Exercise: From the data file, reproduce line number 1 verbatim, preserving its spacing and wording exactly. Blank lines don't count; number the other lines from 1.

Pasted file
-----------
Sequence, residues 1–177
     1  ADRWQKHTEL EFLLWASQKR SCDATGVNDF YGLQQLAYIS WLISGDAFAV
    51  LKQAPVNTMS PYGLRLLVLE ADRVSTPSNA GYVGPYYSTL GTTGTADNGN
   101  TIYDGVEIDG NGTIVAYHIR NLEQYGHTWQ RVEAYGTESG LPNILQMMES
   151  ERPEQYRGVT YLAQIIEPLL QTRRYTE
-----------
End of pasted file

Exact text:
Sequence, residues 1–177